Local Dialogues – Global Movements
presented as part of EcoFutures Festival
The Art Pavilion
Mile End Park, Clinton Rd, London, E3 4QY
A day-long eco-fair with performances, talks, screenings and sustainable design showcasing local and global activisms on site the exhibition Staring at the Sun.
more info at the bottom of the page
2-7pm – Info Stands, food stalls and book stalls
Platform, featuring ‘Still Waters, still’, a new commission by Laura Plant
2-6pm – Performance (durational)
Moa Johansson, Tonight is the Night Baby and Forever but No Recycling
2-6pm – Public interaction
In Residency with Xavier de Sousa and Andre Neely
Starting from historical effervescent political protests, Xavier and Andre investigate the potential of domino-effect actions that grow out of our personal and collective awareness of the urgency of environmental activism.
3-3:30pm – Performance
Timebomb Theatre, Rhino Requiem
Performers: Thierry Alexandre, Lara Buffard, Céleste Combes, Bianca Darkwoods
Live Music by: Tom Milsom
Directed by: Thierry Alexandre & Lara Buffard
4-6pm – Public Discussion
Towards Climate Justice: Decolonising Ecological Activism
Susan Buckingham (convenor)
7-8:30pm – Film Screening
Shu Lea Cheang, Fresh Kill, 1994
A unique story of two young lesbian parents caught up in a global exchange of industrial waste via contaminated sushi. Set in New York where raw fish lips have become all the rage across restaurants in Manhattan. Strange things start to happen: household pets start to glow ominously and then disappear altogether; the sky opens up and snows soap flakes and people start speaking in dangerous tongues.
Fresh Kill premiered at the Berlin Film Festival, Berlin in 1994. In 1995, it featured in the Whitney Biennal, New York and was broadcast on Channel Four in the UK.
Event Link FB: https://www.facebook.com/events/707269106342117/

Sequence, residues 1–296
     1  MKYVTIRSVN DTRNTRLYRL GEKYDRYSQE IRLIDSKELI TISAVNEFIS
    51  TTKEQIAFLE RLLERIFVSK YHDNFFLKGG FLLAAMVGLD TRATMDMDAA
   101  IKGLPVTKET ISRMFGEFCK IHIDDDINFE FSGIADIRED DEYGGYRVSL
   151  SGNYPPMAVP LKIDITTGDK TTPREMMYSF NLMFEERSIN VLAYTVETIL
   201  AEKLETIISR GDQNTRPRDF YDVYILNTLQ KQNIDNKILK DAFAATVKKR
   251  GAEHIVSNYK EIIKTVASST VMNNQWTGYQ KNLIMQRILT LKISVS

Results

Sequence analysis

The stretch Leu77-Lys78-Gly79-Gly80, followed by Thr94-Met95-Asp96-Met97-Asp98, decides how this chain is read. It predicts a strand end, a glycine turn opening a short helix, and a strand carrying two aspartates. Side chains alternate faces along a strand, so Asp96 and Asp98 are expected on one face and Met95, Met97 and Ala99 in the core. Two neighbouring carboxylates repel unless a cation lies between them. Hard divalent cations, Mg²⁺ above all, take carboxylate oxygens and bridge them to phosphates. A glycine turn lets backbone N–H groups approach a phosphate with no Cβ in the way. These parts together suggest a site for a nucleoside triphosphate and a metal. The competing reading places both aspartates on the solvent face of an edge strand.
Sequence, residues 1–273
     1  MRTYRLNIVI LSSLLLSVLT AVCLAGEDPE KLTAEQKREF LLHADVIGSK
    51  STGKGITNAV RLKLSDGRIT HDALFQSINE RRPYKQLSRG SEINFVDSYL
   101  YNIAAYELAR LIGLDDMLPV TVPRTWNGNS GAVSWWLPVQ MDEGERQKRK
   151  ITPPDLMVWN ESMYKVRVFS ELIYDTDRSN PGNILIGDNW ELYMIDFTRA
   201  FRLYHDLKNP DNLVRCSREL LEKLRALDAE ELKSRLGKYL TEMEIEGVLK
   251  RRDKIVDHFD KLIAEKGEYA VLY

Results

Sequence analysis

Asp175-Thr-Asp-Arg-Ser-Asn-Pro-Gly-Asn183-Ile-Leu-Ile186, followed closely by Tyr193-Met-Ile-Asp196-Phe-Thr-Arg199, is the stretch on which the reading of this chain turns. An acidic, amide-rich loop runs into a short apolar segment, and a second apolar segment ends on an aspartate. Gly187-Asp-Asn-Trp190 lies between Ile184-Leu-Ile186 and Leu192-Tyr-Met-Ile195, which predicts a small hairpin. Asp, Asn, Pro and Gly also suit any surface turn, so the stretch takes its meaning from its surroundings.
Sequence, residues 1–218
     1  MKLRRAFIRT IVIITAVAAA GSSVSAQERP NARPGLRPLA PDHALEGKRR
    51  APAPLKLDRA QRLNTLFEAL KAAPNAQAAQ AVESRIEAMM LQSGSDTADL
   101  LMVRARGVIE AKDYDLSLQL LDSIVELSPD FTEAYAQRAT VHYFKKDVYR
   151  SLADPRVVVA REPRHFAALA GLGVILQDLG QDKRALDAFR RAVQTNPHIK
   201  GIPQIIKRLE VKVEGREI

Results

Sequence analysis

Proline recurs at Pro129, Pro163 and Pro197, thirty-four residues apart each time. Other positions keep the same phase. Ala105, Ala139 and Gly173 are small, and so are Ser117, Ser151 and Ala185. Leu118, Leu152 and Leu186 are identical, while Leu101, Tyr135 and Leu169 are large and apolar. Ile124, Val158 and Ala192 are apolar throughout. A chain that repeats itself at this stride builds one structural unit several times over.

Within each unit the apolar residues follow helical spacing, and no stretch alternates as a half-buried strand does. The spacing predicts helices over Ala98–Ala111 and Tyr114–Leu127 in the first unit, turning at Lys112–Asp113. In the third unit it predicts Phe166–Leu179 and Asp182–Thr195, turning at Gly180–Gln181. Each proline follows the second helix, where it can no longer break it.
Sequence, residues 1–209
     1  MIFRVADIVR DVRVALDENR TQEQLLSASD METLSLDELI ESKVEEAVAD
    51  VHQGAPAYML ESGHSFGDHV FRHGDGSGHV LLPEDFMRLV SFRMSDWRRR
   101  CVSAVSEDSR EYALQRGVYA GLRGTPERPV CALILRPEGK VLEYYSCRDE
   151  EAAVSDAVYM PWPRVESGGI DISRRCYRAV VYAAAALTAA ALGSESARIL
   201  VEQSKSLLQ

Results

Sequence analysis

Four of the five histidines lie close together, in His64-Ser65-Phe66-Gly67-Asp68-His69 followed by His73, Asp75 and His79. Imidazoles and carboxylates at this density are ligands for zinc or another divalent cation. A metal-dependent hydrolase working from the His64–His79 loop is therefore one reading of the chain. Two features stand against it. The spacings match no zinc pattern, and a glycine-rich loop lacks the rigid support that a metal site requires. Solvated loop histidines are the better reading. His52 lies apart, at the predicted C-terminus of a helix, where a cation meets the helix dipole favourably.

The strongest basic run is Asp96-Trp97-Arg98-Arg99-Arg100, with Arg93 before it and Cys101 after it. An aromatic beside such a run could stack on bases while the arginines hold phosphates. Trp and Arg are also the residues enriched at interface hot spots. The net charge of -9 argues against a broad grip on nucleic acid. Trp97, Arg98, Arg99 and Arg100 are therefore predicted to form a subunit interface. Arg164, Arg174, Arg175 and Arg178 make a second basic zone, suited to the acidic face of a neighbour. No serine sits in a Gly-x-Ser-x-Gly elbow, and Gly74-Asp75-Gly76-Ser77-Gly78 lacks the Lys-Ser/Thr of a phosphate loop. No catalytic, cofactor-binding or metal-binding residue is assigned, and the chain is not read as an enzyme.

General info: firstname.lastname@example.org
The venue is fully accessible.
tonight is the night baby and forever (but no recycling)
tonight is the night baby and forever (but no recycling) is about wanting that pair of red shoes but actually not wanting it
once one possess the pair of red of shoes one actually wants another pair of red shoes and
it continues like that in fact it never stops and
one is stuck in an endless cycle of displeasure where ‘I love to love you baby’ plays on repeat again and again and again.
In here, materialistic desire is mistaken for sexual desire and
one makes love to a pair of red shoes and as one does so one fakes an orgasm
it is a reality of never ending wanting
based on dissatisfying pursues for something unattainable.
In this sculptural based performance installation, Moa Johansson questions the culture of capitalism by creating exaggerated images of obsession and excessive emotions around unnecessary items.
Moa Johansson is a performance artist working between durational performance, live art, and dance. In the context of intersectional, ecofeminist and queer reading, she investigates theories concerning the body, space, subjectivity and communication. Her performances kick up critical and joyful fuss about contemporary urgencies, using photography, choreographies and performance score to explore the possibilities and limits of stillness, time, pose and tableau through repetition and non-narrative arrangements. Moa’s current research questions the ecology of contemporary living; how to rethink a new socio-economic system for a rehabilitated on-goingness; how to puncture the value of hierarchical thinking; and how an active and response-able being can fill the cracks of capitalist ruins.